A passenger checks his cellphone while boarding a flight, in Boston.
(Photo: Matt Slocum, AP)
Think cramped seats, snoring passengers, crying babies and mediocre - or non-existent- food make flying miserable?
Imagine what it will be like to sit next to a person yammering on his or her cellphone.
That's what many passengers and airline analysts are contemplating in light of the Federal Communications Commission's decision to review its 22-year ban against in-flight cellphone calls.
The FCC banned cellphone use over concerns that it would jam ground stations. Now the agency says that modern technology has made the use of mobile devices on board safe. The agency will seek public comment if the proposal moves forward. The commission will consider the proposal at a Dec. 12 meeting.
The Federal Aviation Administration last month allowed the use of electronic devices such as tablets and iPads during takeoff and landing.
But some passengers say letting people make calls is taking things too far. In a world where people seem attached to their cellphones, these passengers say they enjoy the forced respite from phones ringing and loud conversations. Allowing cellphone calls, they say, would turn the cabin into a satellite office.
"What can be so important that you can't wait until you land?" says Dave Army, a USA TODAY Road Warrior from Prescott, Ariz. "I look forward to not having the phone ring. I do like having Internet access, and the ability to read my iPad at all times, but that's as far as it goes."
Experts are torn. Cellphones have been used widely on dozens of airlines in the Middle East, Europe and Asia, and few have had problems with them, says Michael Planey, co-founder of H&M Planey Consultants, a consulting practice focused on emerging technology for the travel industry.
"They have not had the problems with the behavior and social issues that a lot of people feared," he says.
For one thing, he says, long phone calls are cost-prohibitive. Because many airlines charge $2 to $5 a minute for a call, most people end up using their cellphones to send text messages rather than call.
"They're not shouting on the phone. They're not having hour-long business discussions. What they're doing is making last-minute arrangements," he says. "The vast majority of these calls are under four minutes in duration, and I don't think it's going to change just because it's going to be in the United States."
Brett Snyder, founder of the travel-assistance website and blog The Cranky Flier, points out that planes were once equipped with seatback phones that people could use with the swipe of a credit card.
"That's just like back in the old days when they had the GTE Airfones on board," he says. "People didn't use them unless it was very important because it was so expensive."
Clint Balog, associate chair of the Bachelor of Science in Aeronautics program at Embry-Riddle Aeronautical University, says he believes passengers won't be able to resist talking on their phones for as long as they can.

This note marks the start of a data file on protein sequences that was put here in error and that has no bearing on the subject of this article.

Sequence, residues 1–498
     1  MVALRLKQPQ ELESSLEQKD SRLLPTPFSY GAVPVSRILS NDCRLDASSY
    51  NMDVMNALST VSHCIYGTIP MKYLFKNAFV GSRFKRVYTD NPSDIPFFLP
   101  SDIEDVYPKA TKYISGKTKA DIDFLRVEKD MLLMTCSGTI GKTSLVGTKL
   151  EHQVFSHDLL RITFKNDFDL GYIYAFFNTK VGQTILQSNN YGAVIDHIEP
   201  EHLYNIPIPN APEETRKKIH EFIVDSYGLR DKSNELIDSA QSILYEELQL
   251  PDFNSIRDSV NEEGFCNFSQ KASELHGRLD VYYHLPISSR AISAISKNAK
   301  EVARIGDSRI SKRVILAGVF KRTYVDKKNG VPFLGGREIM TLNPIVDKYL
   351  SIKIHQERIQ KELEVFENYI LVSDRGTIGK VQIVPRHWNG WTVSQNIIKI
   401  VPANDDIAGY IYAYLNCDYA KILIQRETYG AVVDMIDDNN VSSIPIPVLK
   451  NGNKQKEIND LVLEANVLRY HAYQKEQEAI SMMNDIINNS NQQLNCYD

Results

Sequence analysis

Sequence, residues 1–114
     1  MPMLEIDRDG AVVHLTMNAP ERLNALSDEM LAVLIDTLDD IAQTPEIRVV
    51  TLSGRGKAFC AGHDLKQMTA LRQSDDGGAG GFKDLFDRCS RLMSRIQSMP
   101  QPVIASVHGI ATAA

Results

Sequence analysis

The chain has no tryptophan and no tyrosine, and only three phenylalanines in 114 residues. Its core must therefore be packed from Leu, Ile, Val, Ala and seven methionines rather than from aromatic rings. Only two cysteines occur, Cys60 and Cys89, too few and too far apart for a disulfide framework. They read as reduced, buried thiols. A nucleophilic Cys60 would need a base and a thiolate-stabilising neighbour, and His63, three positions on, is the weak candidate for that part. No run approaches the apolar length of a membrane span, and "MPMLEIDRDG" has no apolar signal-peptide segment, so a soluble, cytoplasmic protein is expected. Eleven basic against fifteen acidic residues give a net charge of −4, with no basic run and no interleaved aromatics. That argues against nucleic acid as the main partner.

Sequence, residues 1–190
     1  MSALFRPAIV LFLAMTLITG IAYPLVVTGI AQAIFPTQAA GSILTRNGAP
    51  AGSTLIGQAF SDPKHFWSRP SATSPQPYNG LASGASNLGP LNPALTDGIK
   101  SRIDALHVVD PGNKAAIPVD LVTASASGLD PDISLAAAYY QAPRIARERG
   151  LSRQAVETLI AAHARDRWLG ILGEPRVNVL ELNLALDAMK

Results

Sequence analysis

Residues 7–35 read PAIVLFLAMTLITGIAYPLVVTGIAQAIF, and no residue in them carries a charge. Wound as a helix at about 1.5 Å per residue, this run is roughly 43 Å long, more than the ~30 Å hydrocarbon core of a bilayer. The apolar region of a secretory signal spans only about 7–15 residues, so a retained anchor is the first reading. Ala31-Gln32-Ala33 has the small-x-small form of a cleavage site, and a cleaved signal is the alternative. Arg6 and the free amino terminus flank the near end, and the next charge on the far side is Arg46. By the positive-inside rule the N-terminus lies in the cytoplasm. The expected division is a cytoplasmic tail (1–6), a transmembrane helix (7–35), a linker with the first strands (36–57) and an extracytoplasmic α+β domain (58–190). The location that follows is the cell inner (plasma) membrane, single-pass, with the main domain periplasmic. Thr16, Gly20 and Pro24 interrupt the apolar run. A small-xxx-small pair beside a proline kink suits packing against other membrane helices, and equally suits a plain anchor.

"We live in a culture where people are just glued to these phones more than we realize even to the point of inconsideration of others," says Balog, who has a Ph.D. in psychology. "It's going to be reflective of the culture we live in."
Balog foresees scenarios that could end with a flight attendant mediating a conflict. What if it's an overnight flight, and a passenger is trying to sleep while a seatmate is chatting away on the phone? What if a person is stuck in a middle seat in between two people speaking loudly on their phones?
"It's going to take an already difficult experience - it's certainly not as much fun to fly on an airline now than it was 20 years ago - and it's going to degrade that experience even more," he says.
The Association of Flight Attendants-CWA has taken the same position.
"People want a peaceful, calm cabin," says Veda Shook, international president for the group and a flight attendant for Alaska Airlines for 22 years.
Even Amtrak has had to address tensions among passengers over cellphone use by setting aside a quiet car.
"Amtrak's got a quiet car, and it's very popular for a reason," Shook says. "We don't have the option of having a quite car on an airplane. It's one airplane. There's no way to create a space for someone to have a private conversation."
Kevin Schorr, vice president of Campbell-Hill Aviation Group, says there's one party that could benefit from cellphone use on planes: airlines. Airlines have made billions of dollars by charging fees for everything from checking bags to picking seats.
"If there's a way for airlines to make money off it, I think they will find some way to," he says.
One idea that he cheekily proposed: "They can take out a lavatory and set up a phone booth, and you'd swipe a credit card to get out."